The research investigate the African Peer Review Mechanism (APRM) from a leadership and governance perspective in the African public services. The research was initiated with a historiography to map out efforts that were made to unify the continent against slavery and colonialism, which were primary factors responsible for Africa’s underdevelopment and poverty. National, regional and sub regional organisations have been formed to forge collective action against colonisation and the marginalisation of the continent. Each of the organisations, indicating their achievements and challenges has been discussed in this research. The research has revealed that there was a common denominator in most organisations, which revolved around creating a better continent for the African people and to restore their dignity as a people. The need for unity in Africa has received more attention, especially when Organisation of African Unity (OAU) was transformed into the African Union (AU), which focuses on development, democratic rule and good governance to tackle poverty, marginalisation and underdevelopment in the continent. What is evident in this research is the fact that African leaders are now seeking African solutions to the problems that have plagued the continent for decades. African leaders recognise that transplanted policies and initiatives are responsible for Africa’s dependency syndrome and marginalisation in the development process. The research has pointed out that Africans should lead the process of African development because they are the custodians of the needs of their citizens. In order to satisfy and provide essential services and goods to their citizens African leaders should exercise effective and responsible leadership, and good governance principles in order to implement policies that would create a better life for all on the continent. In order to ensure that African public services implement appropriate policies, a monitoring mechanism has been instituted, the African Peer Review Mechanism (APRM) through which countries are evaluated and assessed on compliance with good governance and development objectives to provide essential goods and services to the African people. The New Economic Partnership for Africa’s Development (NEPAD) as the vehicle of the AU has set out development objectives and priorities, which should be implemented by national, regional, and sub-regional organisations, therefore countries would be monitored to ensure that they comply with the aims and mandate of the AU. Effective leadership and good governance would ensure cost effective delivery of services and the provision of goods by public services. African leaders want to create genuine partnership with their citizens and international communities to ensure that poverty is eradicated and the needs of Africans are satisfied. Africa requires strong and effective leaders who identify and work for their people at all costs through proper utilisation and management of public resources for the benefit of all. Recommendations have been made for consideration by African leaders in their endeavour to create a better life for the African people based on effective leadership, the rule of law and good governance. Africans know what is best for them and therefore they should engage in collective action to achieve the African Development Goals.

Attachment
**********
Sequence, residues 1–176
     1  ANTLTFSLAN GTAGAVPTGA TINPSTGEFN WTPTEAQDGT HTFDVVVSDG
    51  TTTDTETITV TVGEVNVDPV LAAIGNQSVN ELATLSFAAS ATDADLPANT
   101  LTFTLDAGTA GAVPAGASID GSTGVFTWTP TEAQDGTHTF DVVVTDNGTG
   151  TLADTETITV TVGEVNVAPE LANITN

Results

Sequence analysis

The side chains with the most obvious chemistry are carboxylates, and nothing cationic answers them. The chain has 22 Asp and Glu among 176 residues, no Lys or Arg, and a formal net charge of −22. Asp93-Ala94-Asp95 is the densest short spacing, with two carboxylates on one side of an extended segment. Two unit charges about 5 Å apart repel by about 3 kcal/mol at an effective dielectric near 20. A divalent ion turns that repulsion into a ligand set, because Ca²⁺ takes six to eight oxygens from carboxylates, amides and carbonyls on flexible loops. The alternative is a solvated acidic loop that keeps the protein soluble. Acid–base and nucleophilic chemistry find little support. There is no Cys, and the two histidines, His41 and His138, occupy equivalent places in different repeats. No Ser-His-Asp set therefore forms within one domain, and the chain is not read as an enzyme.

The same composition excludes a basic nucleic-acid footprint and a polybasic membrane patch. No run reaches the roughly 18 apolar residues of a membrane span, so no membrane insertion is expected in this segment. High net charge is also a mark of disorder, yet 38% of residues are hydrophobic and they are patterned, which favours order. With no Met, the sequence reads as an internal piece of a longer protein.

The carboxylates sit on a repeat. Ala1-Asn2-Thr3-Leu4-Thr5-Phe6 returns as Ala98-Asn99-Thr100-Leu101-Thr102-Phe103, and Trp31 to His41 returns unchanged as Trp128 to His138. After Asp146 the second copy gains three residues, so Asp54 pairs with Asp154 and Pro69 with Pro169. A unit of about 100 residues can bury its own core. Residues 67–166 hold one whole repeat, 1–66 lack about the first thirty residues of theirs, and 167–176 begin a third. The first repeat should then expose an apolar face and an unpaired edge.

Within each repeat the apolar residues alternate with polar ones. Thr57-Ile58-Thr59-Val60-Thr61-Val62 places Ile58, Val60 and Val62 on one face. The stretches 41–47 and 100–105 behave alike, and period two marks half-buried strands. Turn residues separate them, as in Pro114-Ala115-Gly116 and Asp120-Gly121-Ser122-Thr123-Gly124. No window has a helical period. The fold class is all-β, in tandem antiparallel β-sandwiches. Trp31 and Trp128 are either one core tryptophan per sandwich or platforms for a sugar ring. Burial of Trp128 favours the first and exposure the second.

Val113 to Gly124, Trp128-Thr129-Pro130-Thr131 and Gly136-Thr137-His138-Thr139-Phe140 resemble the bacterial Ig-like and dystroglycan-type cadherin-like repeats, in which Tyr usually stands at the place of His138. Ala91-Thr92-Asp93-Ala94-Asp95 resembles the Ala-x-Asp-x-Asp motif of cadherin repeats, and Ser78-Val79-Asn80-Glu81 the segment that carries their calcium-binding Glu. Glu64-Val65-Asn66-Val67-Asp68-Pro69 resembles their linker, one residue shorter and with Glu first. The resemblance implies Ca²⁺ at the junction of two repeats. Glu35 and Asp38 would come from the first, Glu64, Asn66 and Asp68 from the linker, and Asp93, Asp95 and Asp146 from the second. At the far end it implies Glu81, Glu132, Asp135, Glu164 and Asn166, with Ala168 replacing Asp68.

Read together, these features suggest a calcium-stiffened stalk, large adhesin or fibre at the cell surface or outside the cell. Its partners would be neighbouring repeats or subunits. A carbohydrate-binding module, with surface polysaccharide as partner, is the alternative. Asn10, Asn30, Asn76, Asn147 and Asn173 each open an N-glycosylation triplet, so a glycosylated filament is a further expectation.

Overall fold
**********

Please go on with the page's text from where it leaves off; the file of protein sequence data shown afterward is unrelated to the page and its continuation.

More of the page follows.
Thesis (PhD (Public Affairs))--University of Pretoria, 2007.
This article aims to examine the portrayal of African migrants and South Africa’s
relationship to the African continent in post-apartheid crime fiction. Exotic settings and the
figure of the stranger have featured in the ...
De Souza Drummond, Elizabeth Lucy(University of Pretoria, 2013-08-06)
South Africa has expressed its desire to be the gateway for investment into Africa. With its residence-based tax system which taxes the worldwide income of its tax residents, South African companies will be open to double ...
This paper identifies four perspectives on the idea of ecodomy as ancestry in contemporary studies on
indigenous African religions. Building on the notion of ecodomy defined by Geiko Müller-Fahrenholz as